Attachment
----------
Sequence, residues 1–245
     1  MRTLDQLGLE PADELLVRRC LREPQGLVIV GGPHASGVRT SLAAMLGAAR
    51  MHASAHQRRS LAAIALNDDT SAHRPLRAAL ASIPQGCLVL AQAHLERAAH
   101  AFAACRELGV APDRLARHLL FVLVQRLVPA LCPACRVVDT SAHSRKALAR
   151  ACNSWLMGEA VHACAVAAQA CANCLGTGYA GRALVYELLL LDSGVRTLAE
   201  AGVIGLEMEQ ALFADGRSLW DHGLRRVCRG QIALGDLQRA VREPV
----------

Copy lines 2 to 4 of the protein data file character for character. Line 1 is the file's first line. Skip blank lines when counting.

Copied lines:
     1  MRTLDQLGLE PADELLVRRC LREPQGLVIV GGPHASGVRT SLAAMLGAAR
    51  MHASAHQRRS LAAIALNDDT SAHRPLRAAL ASIPQGCLVL AQAHLERAAH
   101  AFAACRELGV APDRLARHLL FVLVQRLVPA LCPACRVVDT SAHSRKALAR